The Forces Athletes Who Are Competing In The Winter Paralympics

With the Winter Paralympics officially underway, Forces Network has taken a look at the British military athletes who are on show...

With the Winter Paralympics officially underway, Forces Network has taken a look at the British military athletes who are on show...

Scott Meenagh: Para-Nordic Skiing


Army ParalympicsGB Para-Nordic skier Scott Meenagh

British Army veteran Scott Meenagh has been selected for the ParalympicsGB team for this year's Winter Games.

The 28-year-old from Cumbernauld, in North Lanarkshire, Scotland, is the first UK athlete to compete in para-Nordic skiing since 1998.

It's a Paralympic Winter Games debut for Meenagh, a double-leg amputee who was injured whilst on active service in Afghanistan at the age of 21, with his selection meaning ParalympicsGB is represented in a historic five sports.

Scott told us about his motivation for competing in the Winter Paralympics: 

"We're so lucky to be here- to be here and to be smashing life feels amazing.

"What leads you to the highest stages of sport is that you want to challenge yourself, and be a better version of yourself every single day."

Gary Smith, Jennifer Kehoe and Brett Wild: Paralympic Skier Guides


Gary Smith - Visually Impaired Ski Guide
Gary Smith pictured at Meribel 2017

The RAF's Gary Smith, 33, has been selected to guide visually impaired skier and reigning Paralympic champion Kelly Gallagher MBE.

Gallagher (right) with previous guide Charlotte Evans at the 2013 International Paralympic Committee World Championships. Picture: Raystorm
Kelly Gallagher MBE (right with previous guide Charlotte Evans in 2013). Picture: Raystorm

It was a late selection for Kelly due to injury, but nevertheless, she's made it onto the Paralympic team for the third time.

It's Gary's first games, however, and he's excited. He said:

"It was amazing when we heard the news. We put everything into training, and getting the email to say we were selected was brilliant."

The pair is competing at the Games alongside teammates Millie Knight and Menna Fitzpatrick, who race with their guides Brett Wild, of the Royal Navy, and the Army's Jennifer Kehoe.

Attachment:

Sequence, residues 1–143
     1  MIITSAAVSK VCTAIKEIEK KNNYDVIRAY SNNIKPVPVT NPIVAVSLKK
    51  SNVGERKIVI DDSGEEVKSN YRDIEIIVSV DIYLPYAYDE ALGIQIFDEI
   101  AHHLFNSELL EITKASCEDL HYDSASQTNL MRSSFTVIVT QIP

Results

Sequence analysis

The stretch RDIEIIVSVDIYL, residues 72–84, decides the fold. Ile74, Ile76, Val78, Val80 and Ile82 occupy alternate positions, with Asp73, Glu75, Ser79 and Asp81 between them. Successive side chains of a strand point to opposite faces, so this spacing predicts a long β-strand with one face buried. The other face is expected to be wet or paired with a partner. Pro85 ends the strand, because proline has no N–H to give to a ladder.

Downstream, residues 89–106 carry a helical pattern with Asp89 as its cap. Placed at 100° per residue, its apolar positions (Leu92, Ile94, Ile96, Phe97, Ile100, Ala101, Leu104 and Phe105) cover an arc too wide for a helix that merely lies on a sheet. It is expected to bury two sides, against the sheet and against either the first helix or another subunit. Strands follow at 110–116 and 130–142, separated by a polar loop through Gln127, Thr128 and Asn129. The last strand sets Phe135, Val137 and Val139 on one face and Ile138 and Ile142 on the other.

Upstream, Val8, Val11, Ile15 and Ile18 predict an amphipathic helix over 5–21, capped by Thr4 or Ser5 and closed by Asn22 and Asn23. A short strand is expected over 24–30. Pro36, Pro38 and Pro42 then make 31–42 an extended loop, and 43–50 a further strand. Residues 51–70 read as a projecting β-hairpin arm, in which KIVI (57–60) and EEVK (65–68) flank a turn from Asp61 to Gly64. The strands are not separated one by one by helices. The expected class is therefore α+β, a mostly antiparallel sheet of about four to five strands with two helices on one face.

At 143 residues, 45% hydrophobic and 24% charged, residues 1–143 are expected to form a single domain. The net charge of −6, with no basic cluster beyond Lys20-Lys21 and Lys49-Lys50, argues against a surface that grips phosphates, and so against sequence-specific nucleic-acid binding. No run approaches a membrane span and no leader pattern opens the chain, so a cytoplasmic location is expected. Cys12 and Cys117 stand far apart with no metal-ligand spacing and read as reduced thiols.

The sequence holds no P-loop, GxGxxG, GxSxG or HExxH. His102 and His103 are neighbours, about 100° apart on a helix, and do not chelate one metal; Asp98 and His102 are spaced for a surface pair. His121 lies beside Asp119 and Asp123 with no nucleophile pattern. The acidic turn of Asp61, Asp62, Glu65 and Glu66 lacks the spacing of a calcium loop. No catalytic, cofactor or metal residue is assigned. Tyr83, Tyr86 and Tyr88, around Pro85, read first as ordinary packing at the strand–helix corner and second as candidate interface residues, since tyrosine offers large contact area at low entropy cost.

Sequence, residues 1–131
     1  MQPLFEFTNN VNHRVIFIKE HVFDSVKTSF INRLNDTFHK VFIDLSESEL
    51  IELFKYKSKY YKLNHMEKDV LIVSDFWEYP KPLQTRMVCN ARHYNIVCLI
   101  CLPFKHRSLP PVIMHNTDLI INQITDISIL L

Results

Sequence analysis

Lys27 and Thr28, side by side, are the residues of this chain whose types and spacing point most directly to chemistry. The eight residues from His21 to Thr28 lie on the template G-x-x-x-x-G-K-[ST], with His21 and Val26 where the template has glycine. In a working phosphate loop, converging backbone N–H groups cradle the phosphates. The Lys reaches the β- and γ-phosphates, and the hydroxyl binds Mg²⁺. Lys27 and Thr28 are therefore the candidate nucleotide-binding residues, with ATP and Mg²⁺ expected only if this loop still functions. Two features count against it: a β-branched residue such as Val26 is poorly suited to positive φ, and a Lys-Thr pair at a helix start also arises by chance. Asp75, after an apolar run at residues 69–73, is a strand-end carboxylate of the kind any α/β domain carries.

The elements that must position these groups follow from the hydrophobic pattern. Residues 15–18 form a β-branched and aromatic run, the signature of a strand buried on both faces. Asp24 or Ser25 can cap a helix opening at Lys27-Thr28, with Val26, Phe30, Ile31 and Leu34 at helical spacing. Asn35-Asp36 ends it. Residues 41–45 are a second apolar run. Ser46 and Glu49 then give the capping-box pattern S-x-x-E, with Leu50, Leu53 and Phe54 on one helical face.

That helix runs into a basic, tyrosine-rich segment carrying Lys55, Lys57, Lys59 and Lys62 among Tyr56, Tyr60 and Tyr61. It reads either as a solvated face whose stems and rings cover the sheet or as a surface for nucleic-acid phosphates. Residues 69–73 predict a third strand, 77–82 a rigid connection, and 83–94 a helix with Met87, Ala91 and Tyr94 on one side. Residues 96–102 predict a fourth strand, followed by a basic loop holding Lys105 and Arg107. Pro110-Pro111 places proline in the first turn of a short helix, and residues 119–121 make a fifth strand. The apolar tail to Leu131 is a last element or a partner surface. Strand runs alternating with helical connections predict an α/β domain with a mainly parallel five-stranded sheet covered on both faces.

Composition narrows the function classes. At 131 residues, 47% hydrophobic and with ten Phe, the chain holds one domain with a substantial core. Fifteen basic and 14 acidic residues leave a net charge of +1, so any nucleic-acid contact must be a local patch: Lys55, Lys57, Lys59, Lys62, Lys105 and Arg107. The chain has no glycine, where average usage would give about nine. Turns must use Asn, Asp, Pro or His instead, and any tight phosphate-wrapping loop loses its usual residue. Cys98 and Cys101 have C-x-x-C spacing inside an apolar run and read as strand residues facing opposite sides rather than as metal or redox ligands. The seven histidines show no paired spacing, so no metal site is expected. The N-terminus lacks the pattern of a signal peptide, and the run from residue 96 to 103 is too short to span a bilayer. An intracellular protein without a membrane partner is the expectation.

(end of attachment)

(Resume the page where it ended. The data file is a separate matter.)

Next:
This means each of the ParalympicsGB ski guides has been drawn from a different military service.

Gary added: "It's great to have tri-service guides. I knew all of them already from skiing with the military and doing the Inter-Services, so to go to the games with them is going to be pretty special."  

Able Seaman Wild, a 23-year-old steward on HMS Ambush, guided Millie on the slopes at the recent World Cup in Austria and then Aspen, winning the downhill race and then the overall Super G. He says he's feeling confident about the Games: 

"We're feeling quite confident - we're just hoping we can peak at the Olympics and get to where we think we belong."

Meanwhile, Jennifer and Menna were the first British skiers to win the overall World Cup Crystal globe in 2016 and are competing in the visually-impaired category.

With Jennifer as her guide, Menna can reach speeds of more than 110 kilometres per hour - and the forces woman is looking forward to competing alongside her services team-mates: 

"To have all three military guides representing is awesome- obviously the ultimate goal would be to have a full British podium, and we have that opportunity now."

Owen Pick: Para-Snowboarding


Paralympic amputee snowboarder Owen Pick

Owen Pick, an Afghanistan veteran who lost a limb after being injured by an IED at the age of 18, was chosen to carry the GB flag after becoming part of the first Great Britain para-snowboarding squad to compete at a Winter Paralympics.

Owen, who was on his first tour with 1st Battalion, the Royal Anglian Regiment as a private when he was seriously injured, opted to have his right leg amputated below the knee 18 months later.

Having already enjoyed success at the World Championships, he is competing in the snowboard cross and banked slalom events.

Owen is an old friend of Scott's, having been treated alongside him at Headley Court, and says he's excited to be competing alongside him: 

"It's nice to see us start the process of being injured together, and now we’re going to the same games, which is just incredible."

"Neither of us really planned it - it's just sort of happened!"

A handful of forces athletes who won't be competing will be among those travelling to Pyeongchang, meanwhile.

They'll be experiencing the Paralympic Inspiration Programme (PiP), absorbing the scale of the Games with a view to participating in future.

Former Army Major Cornelia Oosthuzien, who medalled in golf and wheelchair tennis at last year's Invictus Games in Toronto, is one of those on the plane.

She recently spoke with Forces Radio BFBS Presenter, Adam Powney - just click below to listen:

The PiP partnership, between the British Paralympic Association and Help for Heroes, has come full circle.

Scott Meenagh got his first taste of winter sport in Sochi as part of the programme and is now donning the GB vest four years later.

More: Days In The Lives Of The Soldiering On Awards People's Choice Finalists